Other Books in Series
This is book number 1 in the In Search of Lost Time series.
- #2: In the Shadow of Young Girls in Flower: In Search of Lost Time, Volume 2 (Penguin Classics Deluxe Edition) (Paperback): Email or call for price
- #3: The Guermantes Way: In Search of Lost Time, Volume 3 (Penguin Classics Deluxe Edition) (Paperback): Email or call for price
- #4: Sodom and Gomorrah: In Search of Lost Time, Volume 4 (Penguin Classics Deluxe Edition) (Paperback): $27.00
- #5: The Prisoner: In Search of Lost Time, Volume 5 (Penguin Classics Deluxe Edition) (Paperback): $26.00
- #6: The Fugitive: In Search of Lost Time, Volume 6 (Penguin Classics Deluxe Edition) (Paperback): $26.00
The first volume of one of the greatest novels of the twentieth century, in Lydia Davis's award-winning translation
Marcel Proust’s In Search of Lost Time is one of the most entertaining reading experiences in any language and arguably the finest novel of the twentieth century. But since its original prewar translation there has been no completely new version in English. Now, Penguin Classics brings Proust’s masterpiece to new audiences throughout the world, beginning with Lydia Davis’s internationally acclaimed translation of the first volume, Swann’s Way.
Swann's Way is one of the preeminent novels of childhood: a sensitive boy's impressions of his family and neighbors, all brought dazzlingly back to life years later by the taste of a madeleine. It also enfolds the short novel "Swann in Love," an incomparable study of sexual jealousy that becomes a crucial part of the vast, unfolding structure of In Search of Lost Time. The first volume of the work that established Proust as one of the finest voices of the modern age—satirical, skeptical, confiding, and endlessly varied in his response to the human condition—Swann's Way also stands on its own as a perfect rendering of a life in art, of the past recreated through memory.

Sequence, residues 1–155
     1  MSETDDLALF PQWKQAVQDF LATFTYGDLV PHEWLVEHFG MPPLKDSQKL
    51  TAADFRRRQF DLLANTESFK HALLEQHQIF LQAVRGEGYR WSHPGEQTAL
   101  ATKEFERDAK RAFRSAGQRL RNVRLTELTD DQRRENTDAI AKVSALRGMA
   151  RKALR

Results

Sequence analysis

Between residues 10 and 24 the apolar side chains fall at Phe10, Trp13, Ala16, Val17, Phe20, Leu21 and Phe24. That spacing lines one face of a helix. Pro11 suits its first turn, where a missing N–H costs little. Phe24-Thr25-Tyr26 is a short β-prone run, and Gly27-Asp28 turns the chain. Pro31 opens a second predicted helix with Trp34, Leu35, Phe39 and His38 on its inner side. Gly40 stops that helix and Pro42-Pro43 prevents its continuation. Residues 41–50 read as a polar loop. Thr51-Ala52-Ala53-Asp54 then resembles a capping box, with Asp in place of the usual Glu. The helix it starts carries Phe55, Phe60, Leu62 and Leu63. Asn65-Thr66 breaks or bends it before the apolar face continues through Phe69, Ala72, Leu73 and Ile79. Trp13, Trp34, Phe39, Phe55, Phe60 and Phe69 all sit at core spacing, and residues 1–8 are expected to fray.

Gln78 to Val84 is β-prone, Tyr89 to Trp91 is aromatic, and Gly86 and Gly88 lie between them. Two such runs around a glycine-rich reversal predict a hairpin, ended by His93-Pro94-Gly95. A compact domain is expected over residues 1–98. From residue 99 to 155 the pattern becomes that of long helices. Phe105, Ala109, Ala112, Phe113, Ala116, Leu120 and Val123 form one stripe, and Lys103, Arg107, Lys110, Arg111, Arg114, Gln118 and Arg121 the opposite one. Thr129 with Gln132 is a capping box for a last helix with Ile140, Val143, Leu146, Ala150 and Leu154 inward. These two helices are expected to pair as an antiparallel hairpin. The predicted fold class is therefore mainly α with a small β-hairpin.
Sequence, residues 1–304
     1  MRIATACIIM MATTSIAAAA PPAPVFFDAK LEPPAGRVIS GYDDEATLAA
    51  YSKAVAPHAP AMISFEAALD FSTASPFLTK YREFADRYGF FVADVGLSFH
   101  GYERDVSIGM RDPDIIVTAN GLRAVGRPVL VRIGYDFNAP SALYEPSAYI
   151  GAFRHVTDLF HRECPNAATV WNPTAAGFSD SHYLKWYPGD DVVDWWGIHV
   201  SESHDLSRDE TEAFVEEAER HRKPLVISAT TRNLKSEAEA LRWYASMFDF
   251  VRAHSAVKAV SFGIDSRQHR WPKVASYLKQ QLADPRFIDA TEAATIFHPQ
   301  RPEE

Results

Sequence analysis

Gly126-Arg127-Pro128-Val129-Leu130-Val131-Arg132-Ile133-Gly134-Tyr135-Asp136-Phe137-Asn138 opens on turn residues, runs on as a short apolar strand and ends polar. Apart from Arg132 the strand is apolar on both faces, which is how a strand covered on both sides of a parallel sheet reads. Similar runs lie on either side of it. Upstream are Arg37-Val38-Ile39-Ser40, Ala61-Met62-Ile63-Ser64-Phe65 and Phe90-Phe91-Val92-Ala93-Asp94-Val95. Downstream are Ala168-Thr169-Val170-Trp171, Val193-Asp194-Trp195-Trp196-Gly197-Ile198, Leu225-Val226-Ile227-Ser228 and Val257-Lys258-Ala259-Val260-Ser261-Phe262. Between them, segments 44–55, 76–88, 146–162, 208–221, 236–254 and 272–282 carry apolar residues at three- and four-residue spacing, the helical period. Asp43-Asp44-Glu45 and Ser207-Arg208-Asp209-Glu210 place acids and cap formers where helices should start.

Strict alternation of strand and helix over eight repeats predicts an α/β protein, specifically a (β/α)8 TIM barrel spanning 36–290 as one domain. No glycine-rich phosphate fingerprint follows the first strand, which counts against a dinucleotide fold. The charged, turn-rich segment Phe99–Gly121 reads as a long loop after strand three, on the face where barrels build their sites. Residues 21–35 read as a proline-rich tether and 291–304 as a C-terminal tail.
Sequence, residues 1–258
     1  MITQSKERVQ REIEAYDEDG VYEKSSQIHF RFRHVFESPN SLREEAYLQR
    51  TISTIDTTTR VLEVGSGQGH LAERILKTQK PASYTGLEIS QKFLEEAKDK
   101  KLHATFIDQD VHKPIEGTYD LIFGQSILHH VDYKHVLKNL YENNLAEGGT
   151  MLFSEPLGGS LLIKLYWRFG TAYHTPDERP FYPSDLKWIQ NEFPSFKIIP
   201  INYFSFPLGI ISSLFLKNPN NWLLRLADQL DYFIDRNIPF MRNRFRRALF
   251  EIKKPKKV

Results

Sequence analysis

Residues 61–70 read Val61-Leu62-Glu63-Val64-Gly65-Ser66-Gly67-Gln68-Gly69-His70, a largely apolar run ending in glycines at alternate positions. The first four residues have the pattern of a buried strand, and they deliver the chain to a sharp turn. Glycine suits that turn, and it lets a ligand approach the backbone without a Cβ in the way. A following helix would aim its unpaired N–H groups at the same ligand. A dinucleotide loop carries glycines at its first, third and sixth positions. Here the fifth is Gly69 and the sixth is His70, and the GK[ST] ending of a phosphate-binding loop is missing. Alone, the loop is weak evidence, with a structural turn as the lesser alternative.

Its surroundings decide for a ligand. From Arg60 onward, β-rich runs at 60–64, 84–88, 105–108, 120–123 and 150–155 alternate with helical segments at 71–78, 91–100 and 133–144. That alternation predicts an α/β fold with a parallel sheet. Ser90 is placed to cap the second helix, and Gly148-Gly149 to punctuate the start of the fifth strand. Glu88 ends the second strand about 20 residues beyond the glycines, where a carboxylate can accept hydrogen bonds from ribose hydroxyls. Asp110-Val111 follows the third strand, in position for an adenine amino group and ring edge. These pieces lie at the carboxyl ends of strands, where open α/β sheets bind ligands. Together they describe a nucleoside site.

About the Author
Marcel Proust (1871–1922) was born in Auteuil, France. In his twenties, following a year in the army, he became a conspicuous society figure, frequenting the most fashionable Paris salons of the day. After 1899, however, his chronic asthma, the death of his parents, and his growing disillusionment with humanity caused him to lead an increasingly retired life. From 1907 on, he rarely emerged from a cork-lined room in his apartment on boulevard Haussmann. There he insulated himself against the distractions of city life and the effects of trees and flowers—though he loved them, they brought on his attacks of asthma. He slept by day and worked by night, writing letters and devoting himself to the completion of In Search of Lost Time.
Lydia Davis, a 2003 MacArthur Fellow, is the author of a novel, The End of the Story, and three volumes of short fiction, the latest of which is Samuel Johnson Is Indignant. She is also the translator of numerous works by Maurice Blanchot, Michel Leiris, Pierre Jean Jouve, and many others and was recently named a Chevalier of the Order of Arts and Letters by the French government. Her essay on close translation of Proust appeared in the April 2004 issue of the Yale Review.
Christopher Prendergast (series editor) is a professor emeritus of French literature at the University of Cambridge and a Fellow of King’s College.
Indispensable... the crucial modernist work, overtopping the books of even such giants as Joyce and Mann. (Peter Brooks, The New York Times Book Review)
A sensitive and direct translation... Lydia Davis does us a great service in bringing us back to Proust. (Claire Messud, Newsday)